5. The stunning embroidered gown in New York
Diana's solo trip to New York in 1989 was her opportunity to show that she was so much more than a clothes horse as the U.S. media had branded her. It was a monumental visit but as she attends the royal gala at Brooklyn Academy of Music, she proved that fashion sense and compassion are not mutually exclusive.
Amy decided to replicate this white, floor-length, embroidered gown and matching stole from her iconic trip. This look juxtaposes the glitz and glamour of the fairytale princess with the reality of the unhappy, scared and lonely young woman who's wearing it.
4. The Australia and New Zealand tour
Using 17 different costumes, the episode explores a time in Diana's life where she's restrained by protocol but starting to find her own sense of fashion. During this trip she also discovers how loved she is outside of the royal family and her confidence begins to show.
The pays tribute to Diana's wardrobe while on tour with incredible accuracy whether she's climbing Le Roux, visiting the Sydney Opera House or meeting the Australian Prime Minister. Even her outfit while on a casual family picnic is instantly recognisable. While she was out stealing countless hearts her outfits continued to steal the spotlight.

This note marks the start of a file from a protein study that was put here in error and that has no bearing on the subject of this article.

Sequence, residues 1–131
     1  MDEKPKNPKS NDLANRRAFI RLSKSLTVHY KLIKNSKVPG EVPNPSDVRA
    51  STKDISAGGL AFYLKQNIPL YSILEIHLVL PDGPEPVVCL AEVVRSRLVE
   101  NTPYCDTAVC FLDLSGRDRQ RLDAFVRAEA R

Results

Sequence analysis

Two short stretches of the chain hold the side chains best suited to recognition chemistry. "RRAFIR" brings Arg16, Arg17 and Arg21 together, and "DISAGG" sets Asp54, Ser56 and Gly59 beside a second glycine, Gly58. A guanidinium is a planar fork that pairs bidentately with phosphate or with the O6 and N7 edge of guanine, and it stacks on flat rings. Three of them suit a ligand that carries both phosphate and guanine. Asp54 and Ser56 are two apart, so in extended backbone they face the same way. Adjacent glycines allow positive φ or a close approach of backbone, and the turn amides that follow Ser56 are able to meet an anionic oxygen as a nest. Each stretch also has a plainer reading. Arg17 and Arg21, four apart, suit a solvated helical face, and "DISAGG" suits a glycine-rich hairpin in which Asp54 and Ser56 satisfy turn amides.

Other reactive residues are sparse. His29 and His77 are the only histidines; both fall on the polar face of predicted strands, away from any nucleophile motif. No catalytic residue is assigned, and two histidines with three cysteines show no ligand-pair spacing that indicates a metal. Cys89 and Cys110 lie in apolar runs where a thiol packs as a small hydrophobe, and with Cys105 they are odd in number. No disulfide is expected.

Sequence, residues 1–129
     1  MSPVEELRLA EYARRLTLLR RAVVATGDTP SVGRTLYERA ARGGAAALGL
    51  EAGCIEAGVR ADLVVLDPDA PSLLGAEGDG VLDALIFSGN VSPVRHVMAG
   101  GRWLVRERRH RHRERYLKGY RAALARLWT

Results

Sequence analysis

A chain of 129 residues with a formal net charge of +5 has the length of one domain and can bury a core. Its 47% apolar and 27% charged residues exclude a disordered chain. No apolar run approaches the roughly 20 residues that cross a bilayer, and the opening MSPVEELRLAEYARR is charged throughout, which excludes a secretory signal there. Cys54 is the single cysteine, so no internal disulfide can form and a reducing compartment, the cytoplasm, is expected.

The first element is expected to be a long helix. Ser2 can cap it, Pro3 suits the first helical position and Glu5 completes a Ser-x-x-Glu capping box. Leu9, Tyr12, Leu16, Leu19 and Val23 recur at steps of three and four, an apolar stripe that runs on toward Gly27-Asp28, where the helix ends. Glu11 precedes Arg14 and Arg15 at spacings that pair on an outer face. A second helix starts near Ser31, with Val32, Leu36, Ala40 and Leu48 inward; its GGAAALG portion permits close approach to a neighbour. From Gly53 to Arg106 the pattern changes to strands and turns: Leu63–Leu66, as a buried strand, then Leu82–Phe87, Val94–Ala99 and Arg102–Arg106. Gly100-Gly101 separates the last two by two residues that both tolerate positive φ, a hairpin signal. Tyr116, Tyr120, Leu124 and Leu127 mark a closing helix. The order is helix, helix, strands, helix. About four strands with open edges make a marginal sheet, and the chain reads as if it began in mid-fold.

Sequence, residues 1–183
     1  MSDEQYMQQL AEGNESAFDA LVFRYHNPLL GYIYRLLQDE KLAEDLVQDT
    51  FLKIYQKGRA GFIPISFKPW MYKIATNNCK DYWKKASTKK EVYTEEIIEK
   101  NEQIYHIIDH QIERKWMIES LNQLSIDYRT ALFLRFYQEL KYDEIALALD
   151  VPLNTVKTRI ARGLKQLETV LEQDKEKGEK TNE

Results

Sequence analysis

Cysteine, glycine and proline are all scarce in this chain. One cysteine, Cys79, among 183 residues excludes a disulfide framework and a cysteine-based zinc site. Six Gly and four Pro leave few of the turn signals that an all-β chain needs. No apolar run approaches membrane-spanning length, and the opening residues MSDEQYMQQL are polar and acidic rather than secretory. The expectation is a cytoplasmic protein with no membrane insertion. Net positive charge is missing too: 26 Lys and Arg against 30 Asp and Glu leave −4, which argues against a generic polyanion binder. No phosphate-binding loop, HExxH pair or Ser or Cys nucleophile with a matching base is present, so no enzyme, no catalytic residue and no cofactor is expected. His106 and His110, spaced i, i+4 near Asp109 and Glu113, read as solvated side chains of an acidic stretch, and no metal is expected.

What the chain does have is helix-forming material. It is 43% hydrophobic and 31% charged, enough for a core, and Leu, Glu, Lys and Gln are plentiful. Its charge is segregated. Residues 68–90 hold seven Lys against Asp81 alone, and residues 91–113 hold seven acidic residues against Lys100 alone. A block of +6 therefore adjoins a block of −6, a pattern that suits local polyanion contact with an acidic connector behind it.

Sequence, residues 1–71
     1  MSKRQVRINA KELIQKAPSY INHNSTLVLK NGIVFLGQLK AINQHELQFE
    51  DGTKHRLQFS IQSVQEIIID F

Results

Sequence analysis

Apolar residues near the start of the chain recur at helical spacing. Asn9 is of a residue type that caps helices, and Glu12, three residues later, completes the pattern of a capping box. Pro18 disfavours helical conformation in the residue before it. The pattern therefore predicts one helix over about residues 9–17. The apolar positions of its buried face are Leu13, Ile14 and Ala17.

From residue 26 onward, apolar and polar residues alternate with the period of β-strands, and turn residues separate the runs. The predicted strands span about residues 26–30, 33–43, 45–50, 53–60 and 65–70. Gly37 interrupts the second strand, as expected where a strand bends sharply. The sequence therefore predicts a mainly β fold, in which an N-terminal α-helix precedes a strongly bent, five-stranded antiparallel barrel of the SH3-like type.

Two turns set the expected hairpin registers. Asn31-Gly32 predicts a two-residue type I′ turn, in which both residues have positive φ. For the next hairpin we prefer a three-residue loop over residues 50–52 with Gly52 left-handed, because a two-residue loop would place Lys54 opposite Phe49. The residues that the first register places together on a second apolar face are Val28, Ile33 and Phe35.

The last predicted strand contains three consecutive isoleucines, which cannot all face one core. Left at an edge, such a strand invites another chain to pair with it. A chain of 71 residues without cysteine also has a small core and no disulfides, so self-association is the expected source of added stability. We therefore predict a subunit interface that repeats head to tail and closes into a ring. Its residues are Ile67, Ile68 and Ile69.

3. The blue/silver silk dress
Among those 17 costumes, there is one gown in particular that marks an important moment for the princes and her fictional counterpart. As she dances with Charles in Sydney, her blue and silver dress is emblematic of the happy fairytale believed they were living. In The Crown, this moment marks genuine happiness and two people who seem utterly in love.
While normally her bold outfits mask her true feelings in this moment, however brief it might've lasted, Diana is living the fairytale that all the outsiders thought was real.
2. Her engagement dress
Ahead of their engagement in 1981, Diana visited the high-end Bellville Sassoon in a last-minute rush for the perfect outfit. Supposedly the fashion assistant didn't recognise her and suggested she go somewhere more budget-friendly. She ended up finding the now-instantly recognisable outfit off the rack at the world's famous Harrods.
It's such a well documented moment that it only makes sense that The Crown would replicate it. Her choice of the blue skirt suit and necktie were considered a powerful statement in the 80s. Maybe this was indicative of the force Diana would become, even if she hadn't realised it yet.
1. Her iconic wedding dress
While Diana's rehearsal dress is impressively accurate, the designers had no intention of creating a copy of her iconic wedding dress. There were 750 million people who watched the wedding so some accuracy was required. But ultimately they wanted to evoke the memories the first time the dress was revealed. They consulted with David Emanuel, one of the original dress' designers and even had the son of the actual lacemaker to recreate those elements too.
As we watch Emma Corrin walk away from the camera in that veil we could almost believe it's 1981 and we're actually watching Princess Diana.
What was your favourite Princess Diana fashion moment? Let us know in the comments.
Compiled by Phelokazi Mbude